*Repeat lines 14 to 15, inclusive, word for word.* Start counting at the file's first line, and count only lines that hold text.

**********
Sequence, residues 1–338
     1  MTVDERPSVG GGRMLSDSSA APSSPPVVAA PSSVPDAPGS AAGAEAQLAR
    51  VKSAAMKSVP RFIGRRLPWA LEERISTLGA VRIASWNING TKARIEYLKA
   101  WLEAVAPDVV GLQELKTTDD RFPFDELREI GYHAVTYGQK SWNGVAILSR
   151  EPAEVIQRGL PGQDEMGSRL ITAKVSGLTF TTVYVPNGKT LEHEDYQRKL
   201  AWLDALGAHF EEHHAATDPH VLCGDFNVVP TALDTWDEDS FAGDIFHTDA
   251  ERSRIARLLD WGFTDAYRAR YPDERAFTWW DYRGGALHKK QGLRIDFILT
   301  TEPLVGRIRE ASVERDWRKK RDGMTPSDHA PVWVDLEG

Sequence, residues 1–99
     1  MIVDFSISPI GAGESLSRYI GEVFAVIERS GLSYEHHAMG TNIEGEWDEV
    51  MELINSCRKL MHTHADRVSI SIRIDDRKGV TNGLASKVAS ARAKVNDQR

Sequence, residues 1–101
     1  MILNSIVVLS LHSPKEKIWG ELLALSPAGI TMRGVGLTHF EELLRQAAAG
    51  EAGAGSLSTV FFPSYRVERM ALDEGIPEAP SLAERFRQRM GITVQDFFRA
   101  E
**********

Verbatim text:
    51  EAGAGSLSTV FFPSYRVERM ALDEGIPEAP SLAERFRQRM GITVQDFFRA
   101  E